(mm) 18.0 17.7 23.0 18.0131.0 19.0127.7 14.6122.1 Segmenteđ D2 rays Segmenteđ A rays Pectoral rays* Circumpeđuncular scales Scales in lateral series* Scales in transverse series anterođorsally from A origin* Scales in transverse series posterođorsally from A origin* Upper jaw with three to four (anteriorly) or two (posteriorly) rows of small, conical teeth, the outer-row teeth largest and slightly curved; lower jaw with three to four (anteriorly) or two (posteriorly) rows of small, conical teeth, the outer-row teeth largest and slightly curved; vomer, palatines and tongue edentate.
Live coloration (based on photographs of the holotype and a paratype when freshly dead; Figure 1View FIGURE 1): head and body pale yellow to pale yellowish grey; short brown stripe extending from middle of upper lip through eye to above opercle, breaking into spots posteriorly; front of lower lip brown; upper part of operculum with small yellowish grey spots; iris yellowish brown to white above brown head stripe; upper part of pectoral-fin base narrowly yellowish grey to brown; sides and upper part of body with irregular dark yellow spots in four irregular longitudinal rows (each spot contains tiny dark brown spots), which form about twelve irregular X-shaped markings; first dorsal fin hyaline with a indistinct to distinct punctate brown spot on middle (anteriorly) to distal third (posteriorly) of each spine; second dorsal fin hyaline with brown spot on middle of each ray and anteriorly on adjacent fin membrane, and series of larger brown spots on or near the base of fin, these spaces about 2 to 3 rays apart and variably on ray bases or on membranes between rays; caudal fin hyaline with three curved bars of small brown to orange spots; caudal fin with a short black bar over middle few rays, the bar edged posteriorly with brown; second from lowermost ray on upper hypural plate with small black spot near base; anal, pelvic and pectoral fins hyaline.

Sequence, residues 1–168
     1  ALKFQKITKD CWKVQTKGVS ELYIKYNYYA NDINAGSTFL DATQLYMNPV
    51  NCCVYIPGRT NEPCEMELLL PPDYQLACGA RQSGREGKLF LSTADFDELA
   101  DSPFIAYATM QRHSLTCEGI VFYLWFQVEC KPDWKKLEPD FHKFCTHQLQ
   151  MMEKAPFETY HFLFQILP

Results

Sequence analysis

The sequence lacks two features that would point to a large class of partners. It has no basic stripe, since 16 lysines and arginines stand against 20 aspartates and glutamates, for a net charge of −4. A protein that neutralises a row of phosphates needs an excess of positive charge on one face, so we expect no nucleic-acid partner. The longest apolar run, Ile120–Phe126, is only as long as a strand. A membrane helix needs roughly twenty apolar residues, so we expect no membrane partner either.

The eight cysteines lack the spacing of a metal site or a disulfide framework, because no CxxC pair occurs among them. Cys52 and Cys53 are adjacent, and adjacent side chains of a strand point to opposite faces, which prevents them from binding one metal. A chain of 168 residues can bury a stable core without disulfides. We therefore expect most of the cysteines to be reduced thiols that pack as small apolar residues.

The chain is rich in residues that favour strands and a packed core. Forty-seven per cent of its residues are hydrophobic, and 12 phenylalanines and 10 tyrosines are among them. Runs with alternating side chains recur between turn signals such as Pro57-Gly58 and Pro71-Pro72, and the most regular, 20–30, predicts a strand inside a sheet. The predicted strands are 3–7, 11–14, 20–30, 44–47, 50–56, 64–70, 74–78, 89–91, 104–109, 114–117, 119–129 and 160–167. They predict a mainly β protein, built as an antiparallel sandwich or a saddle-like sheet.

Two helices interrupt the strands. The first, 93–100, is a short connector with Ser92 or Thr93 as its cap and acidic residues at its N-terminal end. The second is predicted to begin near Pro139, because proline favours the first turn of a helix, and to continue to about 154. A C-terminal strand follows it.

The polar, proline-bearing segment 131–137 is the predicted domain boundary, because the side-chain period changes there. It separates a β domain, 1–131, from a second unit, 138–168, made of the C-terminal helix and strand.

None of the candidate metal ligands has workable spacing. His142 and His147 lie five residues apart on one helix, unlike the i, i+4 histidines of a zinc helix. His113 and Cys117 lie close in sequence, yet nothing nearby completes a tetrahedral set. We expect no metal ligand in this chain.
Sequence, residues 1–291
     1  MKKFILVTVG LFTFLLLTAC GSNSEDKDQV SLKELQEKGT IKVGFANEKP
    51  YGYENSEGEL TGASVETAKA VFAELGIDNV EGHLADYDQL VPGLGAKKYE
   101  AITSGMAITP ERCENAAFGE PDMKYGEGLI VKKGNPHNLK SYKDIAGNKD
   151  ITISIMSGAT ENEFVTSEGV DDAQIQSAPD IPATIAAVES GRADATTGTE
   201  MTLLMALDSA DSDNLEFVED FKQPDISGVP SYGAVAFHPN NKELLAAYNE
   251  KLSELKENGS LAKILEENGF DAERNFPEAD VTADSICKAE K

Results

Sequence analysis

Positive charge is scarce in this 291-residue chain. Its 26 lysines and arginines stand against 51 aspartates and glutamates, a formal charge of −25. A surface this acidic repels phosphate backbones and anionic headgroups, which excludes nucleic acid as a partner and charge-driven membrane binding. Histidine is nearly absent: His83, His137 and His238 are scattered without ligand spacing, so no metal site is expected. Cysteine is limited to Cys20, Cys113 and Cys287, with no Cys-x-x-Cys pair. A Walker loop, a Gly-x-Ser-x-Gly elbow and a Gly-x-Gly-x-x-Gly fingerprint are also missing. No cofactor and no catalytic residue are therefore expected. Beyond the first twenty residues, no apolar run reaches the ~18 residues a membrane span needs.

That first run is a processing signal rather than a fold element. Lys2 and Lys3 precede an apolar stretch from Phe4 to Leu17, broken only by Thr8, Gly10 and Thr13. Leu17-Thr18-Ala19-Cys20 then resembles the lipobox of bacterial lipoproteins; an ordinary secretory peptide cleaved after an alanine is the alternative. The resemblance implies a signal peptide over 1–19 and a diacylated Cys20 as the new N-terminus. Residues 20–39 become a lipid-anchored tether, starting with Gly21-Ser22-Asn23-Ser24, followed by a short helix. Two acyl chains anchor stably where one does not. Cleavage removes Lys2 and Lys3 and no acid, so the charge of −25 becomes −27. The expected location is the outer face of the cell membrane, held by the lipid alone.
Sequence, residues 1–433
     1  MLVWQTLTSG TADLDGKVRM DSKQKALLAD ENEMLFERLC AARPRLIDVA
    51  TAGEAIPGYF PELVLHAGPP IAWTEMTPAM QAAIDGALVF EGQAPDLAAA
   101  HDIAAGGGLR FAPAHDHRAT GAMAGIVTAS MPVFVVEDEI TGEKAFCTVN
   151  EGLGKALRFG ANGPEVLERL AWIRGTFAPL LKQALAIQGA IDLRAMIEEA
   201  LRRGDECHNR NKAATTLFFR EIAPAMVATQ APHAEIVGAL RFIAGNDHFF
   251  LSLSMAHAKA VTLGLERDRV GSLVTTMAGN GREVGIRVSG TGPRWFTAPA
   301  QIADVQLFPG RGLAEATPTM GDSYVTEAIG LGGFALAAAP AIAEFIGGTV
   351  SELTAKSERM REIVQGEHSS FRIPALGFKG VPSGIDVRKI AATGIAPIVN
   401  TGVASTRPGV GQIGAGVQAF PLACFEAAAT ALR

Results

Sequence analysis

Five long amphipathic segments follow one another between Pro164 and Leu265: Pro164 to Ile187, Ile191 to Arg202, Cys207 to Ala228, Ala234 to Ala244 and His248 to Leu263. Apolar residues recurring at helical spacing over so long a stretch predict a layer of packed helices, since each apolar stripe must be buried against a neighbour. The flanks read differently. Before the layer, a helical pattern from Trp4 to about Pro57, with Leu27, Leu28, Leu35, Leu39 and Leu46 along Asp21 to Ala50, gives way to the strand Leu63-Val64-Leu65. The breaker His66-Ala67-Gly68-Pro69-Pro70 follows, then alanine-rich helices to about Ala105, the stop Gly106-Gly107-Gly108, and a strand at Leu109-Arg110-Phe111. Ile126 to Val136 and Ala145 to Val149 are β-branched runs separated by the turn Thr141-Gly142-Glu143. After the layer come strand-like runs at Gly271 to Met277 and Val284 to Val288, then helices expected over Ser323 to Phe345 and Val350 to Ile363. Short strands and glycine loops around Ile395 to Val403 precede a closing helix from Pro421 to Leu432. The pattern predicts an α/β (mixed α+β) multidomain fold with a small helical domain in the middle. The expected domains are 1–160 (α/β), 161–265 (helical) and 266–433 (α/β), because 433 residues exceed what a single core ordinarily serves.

Preserved coloration: similar to live coloration; brown and grey markings remain, but become less distinct.
Etymology. The specific epithet is from the Greek oligos (few) and poros (hole) and alludes to the relatively low number of sensory pores on the head. To be treated as a noun in apposition.
Habitat and distribution. Known from sandy areas adjacent to reefs in 6–13 m. The species is currently known from Duba, Saudi Arabia, south to the Farasan Archipelago ( Figure 3View FIGURE 3).
Remarks. Xenisthmus oligoporus resembles X. balius and X. chi in having relatively high numbers of dorsal- and anal-fin rays, a similar colour pattern (body with reticulated mottling forming x-shaped markings on the body, caudal fin with a short dark basal bar and small dark spot on the fin) and in lacking a well-developed flap on the posterior nostril. It differs from each of these species in having reduced head pores (lacking pores A, I, J, K, P and Q), in having more segmented rays in the second dorsal fin (15 versus 13–14, usually 13 in X. balius , and 12 in X. chi ) and in having more segmented anal-fin rays (13–14 versus 12–13, usually 12 in X. balius , and 11 in X. chi ). It further differs from X. chi in having the predorsal scales extend anteriorly only to the vertical through the preopercle (versus with median series extending anteriorly to near pore D) and less extensive coverage of ctenoid scales (restricted to caudal peduncle versus covering body behind mid abdomen). In addition, it differs from X. balius in having fewer circumpeduncular scales (28–30 versus 30–37).
Xenisthmus oligoporus might be confused with X. chapmani , known only from the holotype from Vanuatu, but differs in having more pectoral fin rays (17-18 versus 15), no well-developed flap on the posterior nostril (versus flap present), fewer vertebrae (10 + 16 versus 10 + 17) and a different first dorsal-fin pterygiophore formula (3- 13110 versus 3-12210).